The new International Estonian Centre (IEC), to be built in the heart of Toronto’s downtown core and a vibrant cultural hub, is situated at the crossroads of many transportation choices.
The IEC will be located adjacent to the successful Estonian cultural and academic hub known as Tartu College on Bloor Street at Madison Avenue. Tartu College is home to the Estonian Studies Centre and the future Canadian Estonian Museum (VEMU).
“It really is an ideal location,” says IEC architect Alar Kongats, a three-time Governor-General award winner. “This area of Toronto has arguably one of the richest collections of cultural institutions in the city. It’s central, it’s easy to get to, and is well-serviced by public transit.”
This neighbourhood, known as the Bloor Street Culture Corridor, includes the University of Toronto, a number of well-established cultural institutions such as the Royal Ontario Museum (ROM), Alliance Française, and the Royal Conservatory of Music, and major cultural events that attract millions of visitors each year.
During the recent user group consultations with the Estonian community, a need for convenient parking was expressed. There are many parking options within close proximity to the centre that will serve the needs of the community and those who rent space for events. There are 34 on-street parking spots in the immediate area, and 582 public parking spots are within a five-minute walk of the centre
The building will be fully accessible, and an important feature is a safe designated drop-off zone at the front of the building designed for people dropping off children or the elderly, and those with mobility issues.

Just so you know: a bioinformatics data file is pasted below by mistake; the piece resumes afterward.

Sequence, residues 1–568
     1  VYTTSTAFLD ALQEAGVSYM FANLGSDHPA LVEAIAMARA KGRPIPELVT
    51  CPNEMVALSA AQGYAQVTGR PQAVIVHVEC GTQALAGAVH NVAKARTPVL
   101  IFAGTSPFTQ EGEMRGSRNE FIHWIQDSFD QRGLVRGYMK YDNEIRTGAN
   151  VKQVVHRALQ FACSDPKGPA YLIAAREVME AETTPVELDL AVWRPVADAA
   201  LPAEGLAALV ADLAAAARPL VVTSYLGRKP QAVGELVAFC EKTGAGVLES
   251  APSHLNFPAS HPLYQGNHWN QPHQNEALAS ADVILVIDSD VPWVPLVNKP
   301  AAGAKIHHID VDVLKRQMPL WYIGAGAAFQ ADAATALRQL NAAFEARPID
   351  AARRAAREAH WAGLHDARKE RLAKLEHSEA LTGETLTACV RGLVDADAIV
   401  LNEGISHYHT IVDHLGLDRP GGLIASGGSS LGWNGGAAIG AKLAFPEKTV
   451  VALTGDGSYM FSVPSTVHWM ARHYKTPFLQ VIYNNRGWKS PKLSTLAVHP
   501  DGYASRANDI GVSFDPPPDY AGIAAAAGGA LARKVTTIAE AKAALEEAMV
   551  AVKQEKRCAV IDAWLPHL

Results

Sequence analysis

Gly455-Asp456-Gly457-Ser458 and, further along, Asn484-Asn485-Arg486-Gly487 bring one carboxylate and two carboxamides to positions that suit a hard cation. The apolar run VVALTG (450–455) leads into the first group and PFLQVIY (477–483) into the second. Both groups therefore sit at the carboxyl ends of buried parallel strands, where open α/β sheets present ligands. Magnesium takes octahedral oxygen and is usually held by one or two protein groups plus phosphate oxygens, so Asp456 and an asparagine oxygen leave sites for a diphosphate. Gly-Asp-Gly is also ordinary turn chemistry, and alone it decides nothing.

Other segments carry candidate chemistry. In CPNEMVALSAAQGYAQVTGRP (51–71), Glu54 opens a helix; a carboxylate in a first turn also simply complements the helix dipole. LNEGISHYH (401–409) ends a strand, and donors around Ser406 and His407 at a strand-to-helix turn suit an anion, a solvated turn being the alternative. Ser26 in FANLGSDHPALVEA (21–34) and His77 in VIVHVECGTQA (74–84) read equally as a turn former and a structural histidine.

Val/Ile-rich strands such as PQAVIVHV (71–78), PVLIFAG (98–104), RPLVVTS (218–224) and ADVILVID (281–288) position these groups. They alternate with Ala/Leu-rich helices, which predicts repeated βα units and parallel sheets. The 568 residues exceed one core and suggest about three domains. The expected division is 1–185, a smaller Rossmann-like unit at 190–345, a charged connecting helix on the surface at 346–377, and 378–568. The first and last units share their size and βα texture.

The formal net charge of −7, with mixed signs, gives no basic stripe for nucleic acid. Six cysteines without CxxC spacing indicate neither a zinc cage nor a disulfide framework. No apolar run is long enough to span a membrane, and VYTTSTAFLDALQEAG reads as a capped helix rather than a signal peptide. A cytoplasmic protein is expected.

“I’d like to stress that the way people get around is changing,” said IEC architect Alar Kongats. “As people’s attitudes such as drinking & driving have changed, and transportation choices increase, there is less reliance on traditional forms of transportation, such as privately owned cars.”
Whether you are attending a community function, social event or business seminar at the IEC, there are many excellent choices for all users and demographics:
Take public transit: Toronto is well served by a mass public transit system known as the Toronto Transit Commission (TTC). There are online trip planners you can use to plan your route. Two subway stations, St. George and Spadina, are within a few minutes’ walk of the new IEC. An extensive system of buses, streetcars and trains feed into the subway system from within the Greater Toronto Area, and throughout the province of Ontario.
Drive your car, or taxi or ridesharing: If you elect to drive, there are over 500 parking spaces (including street parking and paid parking lots) within a five-minute walk of the Centre. If you’re being dropped off, there will be a safe and convenient drop-off zone directly in front of the IEC.
Ride your bike: There are commuter cycling lanes in the city of Toronto and there will be bicycle parking outside the IEC.
Come from the airport: You may take a taxi or shuttle into the city from the airport, and there is also an express train (UP Express) right from the airport to the subway. You can also access the Toronto Transit Commission system from the airport right to Spadina station along the east-west line.
Walk: If you are traveling from out of town for a special event (such as a wedding in IEC’s beautiful rooftop garden) you may opt to stay in one of the many hotels located within walking distance of the IEC.
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